Disney's 1991 production of Beauty and the Beast was a success by any measure. It was a huge box-office hit, earning 16 times its budget, a fact made even more remarkable because it was an animated musical with an original score. Those songs, including classics "Be Our Guest" and "Beauty and the Beast," swept the musical categories at the Academy Awards. But one scene in particular stands out as historic. When Belle and the Beast waltz together for the first time, the camera swooped and soared through the beautiful, cavernous ballroom with a freedom never before seen in animation. The ballroom was modeled by a computer in 3D, using techniques and technology developed by Pixar, which at that time was a technology company started by Steve Jobs. The scene signaled a seismic shift in animation away from hand-drawn images to increasingly sophisticated computer renderings. Four years later, Pixar's first feature, Toy Story, which was entirely 3D-rendered, closed the door on the classical era of animation.
In a way, Disney has come full circle with its "live-action" remake of Beauty and the Beast. I used the quotes because there is very little in this beast that hasn't felt the touch of the cursor on a monitor in California. The CGI modeling techniques introduced in 1991 have become so sophisticated that they are virtually indistinguishable from "live-action" images. The production's most astonishing accomplishment is Cogsworth, the fussy old head of the Beast's household who has been transformed by the Enchantress into an ornate clock. Voiced by Ian McKellen, the incredibly detailed creation features layers upon layers of moving clockwork, and yet has enough expression and movement to do physical comedy with Lumière, the enchanted candelabrum voiced by Ewan McGregor.
Cogsworth is just one element in a rush of onscreen visual wonders, and it would be easy to miss his awesomeness. And that's the biggest problem with this Beauty and the Beast — if I had to choose one word to describe the movie, it would be "cluttered." The 1991 version often exploded into a riot of movement, especially in the centerpiece "Be Our Guest" dinner party sequence, but the minor abstractions introduced by traditional animation tempered the visual impact of those sequences. This time around, when the army of china comes whizzing at you, they're fully rendered plates glinting in meticulously modeled candlelight. Beauty and the Beast is a frequently beautiful film, but it's also sometimes hard to watch.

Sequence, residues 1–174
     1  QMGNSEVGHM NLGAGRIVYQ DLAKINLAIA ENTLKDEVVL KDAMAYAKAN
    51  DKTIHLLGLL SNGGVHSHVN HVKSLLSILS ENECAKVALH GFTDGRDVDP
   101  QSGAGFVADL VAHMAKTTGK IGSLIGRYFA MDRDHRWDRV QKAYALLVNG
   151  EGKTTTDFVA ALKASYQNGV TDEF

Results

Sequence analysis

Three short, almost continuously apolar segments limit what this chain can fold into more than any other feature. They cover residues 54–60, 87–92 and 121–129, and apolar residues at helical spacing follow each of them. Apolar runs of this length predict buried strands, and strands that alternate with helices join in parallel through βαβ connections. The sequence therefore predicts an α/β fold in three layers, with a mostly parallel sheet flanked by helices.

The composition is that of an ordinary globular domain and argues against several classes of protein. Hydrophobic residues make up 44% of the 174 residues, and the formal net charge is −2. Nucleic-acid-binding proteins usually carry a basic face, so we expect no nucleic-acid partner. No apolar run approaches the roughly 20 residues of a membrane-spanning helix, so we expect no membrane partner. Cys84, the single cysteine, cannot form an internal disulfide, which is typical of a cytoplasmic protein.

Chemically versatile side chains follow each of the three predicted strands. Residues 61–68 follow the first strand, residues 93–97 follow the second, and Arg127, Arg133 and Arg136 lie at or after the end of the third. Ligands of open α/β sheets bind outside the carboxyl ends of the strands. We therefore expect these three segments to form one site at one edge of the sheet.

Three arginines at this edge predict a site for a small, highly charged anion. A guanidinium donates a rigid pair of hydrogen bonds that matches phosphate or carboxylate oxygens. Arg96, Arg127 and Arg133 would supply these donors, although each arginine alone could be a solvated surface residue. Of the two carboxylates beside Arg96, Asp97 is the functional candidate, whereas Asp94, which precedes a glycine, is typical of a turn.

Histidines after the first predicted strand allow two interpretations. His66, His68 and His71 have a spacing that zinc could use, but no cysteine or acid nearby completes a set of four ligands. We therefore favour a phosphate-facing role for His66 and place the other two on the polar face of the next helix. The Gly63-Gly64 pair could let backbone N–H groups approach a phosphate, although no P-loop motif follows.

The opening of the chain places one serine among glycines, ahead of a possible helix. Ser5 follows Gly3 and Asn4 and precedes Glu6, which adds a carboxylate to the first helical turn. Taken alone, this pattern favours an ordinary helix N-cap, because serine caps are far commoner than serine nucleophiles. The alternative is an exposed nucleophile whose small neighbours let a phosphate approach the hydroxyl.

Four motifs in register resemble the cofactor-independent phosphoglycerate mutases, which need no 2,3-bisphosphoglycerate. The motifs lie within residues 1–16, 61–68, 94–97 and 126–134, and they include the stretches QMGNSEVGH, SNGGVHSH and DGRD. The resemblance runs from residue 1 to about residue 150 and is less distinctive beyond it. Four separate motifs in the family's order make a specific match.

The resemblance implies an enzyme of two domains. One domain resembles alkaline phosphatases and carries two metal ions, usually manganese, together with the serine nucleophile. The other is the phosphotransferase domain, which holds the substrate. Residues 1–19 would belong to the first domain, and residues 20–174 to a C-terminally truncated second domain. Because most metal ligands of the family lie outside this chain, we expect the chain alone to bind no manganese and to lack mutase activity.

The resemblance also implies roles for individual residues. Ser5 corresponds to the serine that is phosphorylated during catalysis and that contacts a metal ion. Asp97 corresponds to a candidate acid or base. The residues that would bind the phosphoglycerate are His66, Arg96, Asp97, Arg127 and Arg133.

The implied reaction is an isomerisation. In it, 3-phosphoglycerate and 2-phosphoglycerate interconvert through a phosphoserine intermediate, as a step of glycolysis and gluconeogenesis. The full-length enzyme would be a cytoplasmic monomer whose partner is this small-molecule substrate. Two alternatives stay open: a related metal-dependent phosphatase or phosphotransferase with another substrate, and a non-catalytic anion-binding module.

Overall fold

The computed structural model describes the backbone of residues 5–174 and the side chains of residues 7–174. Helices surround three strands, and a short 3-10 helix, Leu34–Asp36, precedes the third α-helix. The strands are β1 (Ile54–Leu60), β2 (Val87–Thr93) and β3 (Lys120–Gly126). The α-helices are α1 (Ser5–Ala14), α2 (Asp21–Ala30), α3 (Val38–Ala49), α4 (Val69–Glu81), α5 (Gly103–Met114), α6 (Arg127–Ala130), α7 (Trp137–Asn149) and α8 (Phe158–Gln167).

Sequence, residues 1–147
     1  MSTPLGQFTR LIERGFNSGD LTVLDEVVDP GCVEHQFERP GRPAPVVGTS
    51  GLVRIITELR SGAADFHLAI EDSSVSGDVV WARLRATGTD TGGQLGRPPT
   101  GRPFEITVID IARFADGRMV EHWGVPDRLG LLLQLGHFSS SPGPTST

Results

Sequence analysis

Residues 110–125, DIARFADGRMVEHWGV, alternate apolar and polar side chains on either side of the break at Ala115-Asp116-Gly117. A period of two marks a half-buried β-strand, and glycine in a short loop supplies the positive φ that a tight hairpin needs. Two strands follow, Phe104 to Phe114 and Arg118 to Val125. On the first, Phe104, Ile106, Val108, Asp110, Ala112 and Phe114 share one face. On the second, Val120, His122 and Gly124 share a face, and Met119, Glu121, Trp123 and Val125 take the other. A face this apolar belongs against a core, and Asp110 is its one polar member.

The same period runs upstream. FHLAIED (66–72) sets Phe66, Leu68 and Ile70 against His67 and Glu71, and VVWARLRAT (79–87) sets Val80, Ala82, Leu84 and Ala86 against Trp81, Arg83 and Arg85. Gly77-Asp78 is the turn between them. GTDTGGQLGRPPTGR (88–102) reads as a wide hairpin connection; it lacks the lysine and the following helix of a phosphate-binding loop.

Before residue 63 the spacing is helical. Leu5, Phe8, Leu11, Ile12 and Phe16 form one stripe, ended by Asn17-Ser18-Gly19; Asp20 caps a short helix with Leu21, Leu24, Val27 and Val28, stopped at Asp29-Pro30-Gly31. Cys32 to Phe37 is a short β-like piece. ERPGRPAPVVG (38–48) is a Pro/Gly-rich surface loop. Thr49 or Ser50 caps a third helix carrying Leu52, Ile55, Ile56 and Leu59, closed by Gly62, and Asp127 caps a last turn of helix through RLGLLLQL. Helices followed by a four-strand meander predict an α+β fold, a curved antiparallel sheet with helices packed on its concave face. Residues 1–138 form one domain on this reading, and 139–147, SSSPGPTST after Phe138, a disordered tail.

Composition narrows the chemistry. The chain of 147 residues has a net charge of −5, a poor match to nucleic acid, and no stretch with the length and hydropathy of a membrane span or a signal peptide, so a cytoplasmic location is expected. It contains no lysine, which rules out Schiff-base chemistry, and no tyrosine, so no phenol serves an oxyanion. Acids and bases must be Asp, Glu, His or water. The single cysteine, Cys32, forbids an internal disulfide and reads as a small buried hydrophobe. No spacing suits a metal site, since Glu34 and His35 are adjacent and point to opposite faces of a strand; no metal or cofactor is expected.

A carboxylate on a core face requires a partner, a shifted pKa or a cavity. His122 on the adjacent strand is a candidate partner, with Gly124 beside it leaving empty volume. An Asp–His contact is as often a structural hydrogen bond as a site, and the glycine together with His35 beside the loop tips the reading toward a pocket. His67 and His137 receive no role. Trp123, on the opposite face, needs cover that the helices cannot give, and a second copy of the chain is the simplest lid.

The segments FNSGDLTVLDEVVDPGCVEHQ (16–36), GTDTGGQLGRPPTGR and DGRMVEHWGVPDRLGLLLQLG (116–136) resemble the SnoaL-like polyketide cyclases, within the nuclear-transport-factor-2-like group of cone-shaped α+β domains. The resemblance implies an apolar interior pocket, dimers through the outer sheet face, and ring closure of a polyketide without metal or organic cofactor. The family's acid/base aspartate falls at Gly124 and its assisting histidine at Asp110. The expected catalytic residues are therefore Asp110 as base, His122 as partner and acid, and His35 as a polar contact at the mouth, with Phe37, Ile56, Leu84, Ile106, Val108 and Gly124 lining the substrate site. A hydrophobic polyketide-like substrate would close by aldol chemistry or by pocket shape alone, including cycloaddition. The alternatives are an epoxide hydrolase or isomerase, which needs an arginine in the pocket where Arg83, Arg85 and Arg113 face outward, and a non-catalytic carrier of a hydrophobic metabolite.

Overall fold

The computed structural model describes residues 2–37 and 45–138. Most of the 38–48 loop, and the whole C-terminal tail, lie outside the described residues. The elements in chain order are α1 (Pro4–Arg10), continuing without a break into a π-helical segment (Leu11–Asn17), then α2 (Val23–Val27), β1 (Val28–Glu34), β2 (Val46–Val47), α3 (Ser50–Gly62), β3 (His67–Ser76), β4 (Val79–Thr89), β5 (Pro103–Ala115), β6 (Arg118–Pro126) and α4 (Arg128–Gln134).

Fortunately, Emma Watson's Belle is never hard to watch. Of the group of exceptional actors who came out of the Harry Potter franchise, Watson is the most talented. For the generation who grew up with her as "The Brightest Witch of Her Age," she has come to represent millennial feminism. She's the perfect choice for the live-action adaptation of the heroine who inspires the simple townspeople of her not-very-French village to sing "what a puzzle to us is Belle." Seeing as she was about 18 months old when the original movie came out, she likely grew up watching the cartoon version of the bookish commoner who is ultimately wooed by the size of the Beast's library. Her singing voice, while not the equal of Paige O'Hara's work in the original, is more than adequate to the task. She commands the screen without ever really seeming to break a sweat.
Watson's Beast is Dan Stevens, who gets considerably more screen time in this version of the story, which leans heavily on the Broadway adaptation. His shutter-rattling, no doubt enhanced baritone serves to flesh out the motion-captured character. Even better is Luke Evans as the anitheroically square-jawed Gaston. He is the very picture of toxic masculinity, ready to go full demagogue at the drop of a hat and lead the torch-waving visitors to go all Frankenstein on the Beast.
Much better than last year's Jungle Book remake, Beauty and the Beast almost justifies the enormous expense poured into it. It reinforces the contention that Disney is the only contemporary studio that knows how to make a good movie. With her effortless brush-off of Gaston's boorish advances, Watson's Belle is coded as appropriately woke. But one wonders at the feminist subtext of a kidnapped woman who falls in love with her captor and changes the brute into a handsome prince by sheer force of her womanly charms. Amid all the ballyhoo and singing, its corporate perfection often feels flat. With all rough edges rounded off, this version of Beauty and the Beast is just another girl meets anthropomorphic water buffalo, girl loses man-buffalo, deus ex machina makes everything OK story.
Beauty and the Beast